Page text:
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Data warehousing - Disk Storage - Thoughts on architecture


Data warehousing - Disk Storage - Thoughts on architecture

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SQL_Hound
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Hello,

I am a SQL developer and newbie on the data warehousing world. I am in my first data warehousing project and having some conserns over best practices. I would like to hear opinions of more experienced members.
In particular our architecture team has designed a data warehouse solution based on data vault but with a lot of customizations. The sources are mainly small (5-50GB) sql server databases.

The warehouse is comprised of multiple staging layers, the data vault, some datamarts plus a custom metadata framework.

The issue i see is that when loading data, the data volume tends to multiply because of the fact that data is repeated in many layers. For example, an initial load of a dataset of 10 gb results in a datafile of 100+ gb plus a quite large log file. And that's just an initial load no history included. Note that this includes just the multiple staging layers and the data vault itsself. No data marts included.

In my view this design is quite inefficient, because on the one hand it works for the small datasets we use, but it wouldn't scale if later on we would include larger sources. Plus loads tend to be slow. Our architect team thinks this pattern is fine because storage is cheap and it is a very common pattern in the datawarehousing (DW) industry

As i mentioned thought I am quite fresh in the DW world and I cannot judge if this is normal or not, although my intuition says that the design is inefficient.
Any expert opinions welcome!

Cheers,
xsevensinzx
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SQL_Hound - Wednesday, February 7, 2018 9:06 AM
Hello,

I am a SQL developer and newbie on the data warehousing world. I am in my first data warehousing project and having some conserns over best practices. I would like to hear opinions of more experienced members.
In particular our architecture team has designed a data warehouse solution based on data vault but with a lot of customizations. The sources are mainly small (5-50GB) sql server databases.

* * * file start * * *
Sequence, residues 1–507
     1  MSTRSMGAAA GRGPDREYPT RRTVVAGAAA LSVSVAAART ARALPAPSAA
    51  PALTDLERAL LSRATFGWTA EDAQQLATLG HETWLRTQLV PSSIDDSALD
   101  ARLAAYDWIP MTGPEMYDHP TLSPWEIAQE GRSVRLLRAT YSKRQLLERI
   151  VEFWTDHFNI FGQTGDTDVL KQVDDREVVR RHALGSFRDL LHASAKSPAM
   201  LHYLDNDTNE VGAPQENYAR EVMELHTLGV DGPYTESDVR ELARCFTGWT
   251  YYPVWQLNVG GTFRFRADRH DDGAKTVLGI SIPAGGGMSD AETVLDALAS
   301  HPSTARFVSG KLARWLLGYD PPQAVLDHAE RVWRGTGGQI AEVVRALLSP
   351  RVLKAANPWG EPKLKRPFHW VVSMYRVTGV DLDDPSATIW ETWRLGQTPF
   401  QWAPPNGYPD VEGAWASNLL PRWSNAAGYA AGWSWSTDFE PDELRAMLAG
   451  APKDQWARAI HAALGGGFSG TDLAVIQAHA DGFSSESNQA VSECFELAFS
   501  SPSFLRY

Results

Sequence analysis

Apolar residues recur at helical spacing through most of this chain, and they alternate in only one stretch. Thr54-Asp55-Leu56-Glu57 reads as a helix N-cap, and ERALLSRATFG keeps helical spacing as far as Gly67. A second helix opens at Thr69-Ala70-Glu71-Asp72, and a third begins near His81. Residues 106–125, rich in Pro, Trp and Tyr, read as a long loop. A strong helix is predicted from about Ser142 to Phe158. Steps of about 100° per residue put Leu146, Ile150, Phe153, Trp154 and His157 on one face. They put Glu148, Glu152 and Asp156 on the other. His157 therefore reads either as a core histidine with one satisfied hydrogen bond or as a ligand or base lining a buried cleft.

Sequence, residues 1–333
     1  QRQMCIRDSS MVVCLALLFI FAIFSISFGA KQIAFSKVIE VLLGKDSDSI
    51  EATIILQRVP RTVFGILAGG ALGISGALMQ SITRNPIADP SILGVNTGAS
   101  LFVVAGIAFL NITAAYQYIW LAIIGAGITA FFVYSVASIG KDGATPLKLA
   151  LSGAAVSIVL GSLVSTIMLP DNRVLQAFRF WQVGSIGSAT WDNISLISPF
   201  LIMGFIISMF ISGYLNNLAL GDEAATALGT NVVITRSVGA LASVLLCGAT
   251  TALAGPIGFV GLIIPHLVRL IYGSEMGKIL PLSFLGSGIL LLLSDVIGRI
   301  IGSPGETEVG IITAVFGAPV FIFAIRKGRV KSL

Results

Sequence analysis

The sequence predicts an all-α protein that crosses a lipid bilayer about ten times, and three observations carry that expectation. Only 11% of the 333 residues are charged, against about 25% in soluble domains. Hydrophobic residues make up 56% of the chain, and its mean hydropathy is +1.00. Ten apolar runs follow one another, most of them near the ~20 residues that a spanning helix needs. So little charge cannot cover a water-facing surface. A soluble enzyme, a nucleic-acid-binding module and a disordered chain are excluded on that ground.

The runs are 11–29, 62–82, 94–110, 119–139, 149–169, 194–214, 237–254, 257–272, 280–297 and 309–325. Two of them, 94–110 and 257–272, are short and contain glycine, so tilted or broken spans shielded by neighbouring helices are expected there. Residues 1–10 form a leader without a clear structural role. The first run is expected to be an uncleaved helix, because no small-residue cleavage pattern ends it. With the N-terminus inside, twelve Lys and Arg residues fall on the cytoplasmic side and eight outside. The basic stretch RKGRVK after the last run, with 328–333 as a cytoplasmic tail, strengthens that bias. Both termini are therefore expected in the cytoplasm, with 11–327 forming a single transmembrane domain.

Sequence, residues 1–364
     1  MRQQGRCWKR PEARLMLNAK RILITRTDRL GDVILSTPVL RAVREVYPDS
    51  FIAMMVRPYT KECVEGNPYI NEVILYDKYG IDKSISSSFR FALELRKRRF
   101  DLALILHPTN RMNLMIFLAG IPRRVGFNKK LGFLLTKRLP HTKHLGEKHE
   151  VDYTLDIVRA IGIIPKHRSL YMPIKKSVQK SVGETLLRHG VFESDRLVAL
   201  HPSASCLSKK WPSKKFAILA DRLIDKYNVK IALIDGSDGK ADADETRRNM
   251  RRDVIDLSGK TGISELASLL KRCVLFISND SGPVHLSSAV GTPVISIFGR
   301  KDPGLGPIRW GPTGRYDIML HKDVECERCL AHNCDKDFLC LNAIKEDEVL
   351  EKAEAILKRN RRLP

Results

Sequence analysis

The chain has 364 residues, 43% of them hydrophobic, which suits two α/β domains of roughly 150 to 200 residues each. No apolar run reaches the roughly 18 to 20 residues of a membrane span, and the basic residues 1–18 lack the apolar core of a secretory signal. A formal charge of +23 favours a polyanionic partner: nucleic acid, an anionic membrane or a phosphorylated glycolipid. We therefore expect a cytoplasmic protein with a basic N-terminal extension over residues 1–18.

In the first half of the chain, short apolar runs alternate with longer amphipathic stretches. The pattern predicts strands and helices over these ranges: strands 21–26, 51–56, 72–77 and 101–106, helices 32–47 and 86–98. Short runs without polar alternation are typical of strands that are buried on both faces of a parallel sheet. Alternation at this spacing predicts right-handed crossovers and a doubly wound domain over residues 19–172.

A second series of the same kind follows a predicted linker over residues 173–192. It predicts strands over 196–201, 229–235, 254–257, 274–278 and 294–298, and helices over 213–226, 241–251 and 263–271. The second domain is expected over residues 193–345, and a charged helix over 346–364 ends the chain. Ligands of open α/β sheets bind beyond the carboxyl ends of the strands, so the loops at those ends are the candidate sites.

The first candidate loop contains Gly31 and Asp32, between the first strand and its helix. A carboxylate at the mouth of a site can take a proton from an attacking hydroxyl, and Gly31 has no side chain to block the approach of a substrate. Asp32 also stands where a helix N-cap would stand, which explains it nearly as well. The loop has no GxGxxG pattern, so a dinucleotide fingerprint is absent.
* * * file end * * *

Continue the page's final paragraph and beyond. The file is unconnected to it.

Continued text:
The warehouse is comprised of multiple staging layers, the data vault, some datamarts plus a custom metadata framework.

The issue i see is that when loading data, the data volume tends to multiply because of the fact that data is repeated in many layers. For example, an initial load of a dataset of 10 gb results in a datafile of 100+ gb plus a quite large log file. And that's just an initial load no history included. Note that this includes just the multiple staging layers and the data vault itsself. No data marts included.

In my view this design is quite inefficient, because on the one hand it works for the small datasets we use, but it wouldn't scale if later on we would include larger sources. Plus loads tend to be slow. Our architect team thinks this pattern is fine because storage is cheap and it is a very common pattern in the datawarehousing (DW) industry

As i mentioned thought I am quite fresh in the DW world and I cannot judge if this is normal or not, although my intuition says that the design is inefficient.
Any expert opinions welcome!

Cheers,

Questions you should be asking yourself is why? Why is this a problem from your standpoint? When someone simply responds with, "Disk is cheap", then why is that still a problem to you? Not trying to be smart here, just trying to get you to emphasize why it's really an issue to have large data files or slow load times or whatever.

In general, I personally find minimal is best. I don't overly index my data warehouse nor have full recovery set because I am bulk loading data once a day. I also take billion row files and break them up into smaller files, then load those fragments in parallel and even distribute those loads across many machines to make loading extremely fast. The same falls for transformation. Most is happening on disk where it's super fast before SQL Server even touches it. This is something I feel most strive to do in order to scale and so forth because outside of disk, other resources are expensive like compute and memory.

But others have different approaches. Different models and different methodologies for different reasons. Some good, some silly.

ZZartin
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Well storage is cheap and yes if you're trying to keep historical dimension data it's entirely expected you might end up with a much larger data warehouse than your sources. Now when you say multiple staging layers what do you mean? I would expect that the staging areas would stay a relatively similar size to the source data, those are generally truncated as part of the load. But you likely shouldn't be processing all the data through multiple layers and ultimately down to the individual data marts, that would definitely lead to bloat and a slow load as well as not scaling well.
Chris Harshman
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Do you compress the tables in your staging area? I've seen some significant space savings using PAGE level compression on the tables in our data warehouse staging area, ranging anywhere from one half to only one tenth of the space of the original table from the OLTP system. We only update our staging data once a day also, so the savings from all the reads that will happen outweigh any initial write penalty.
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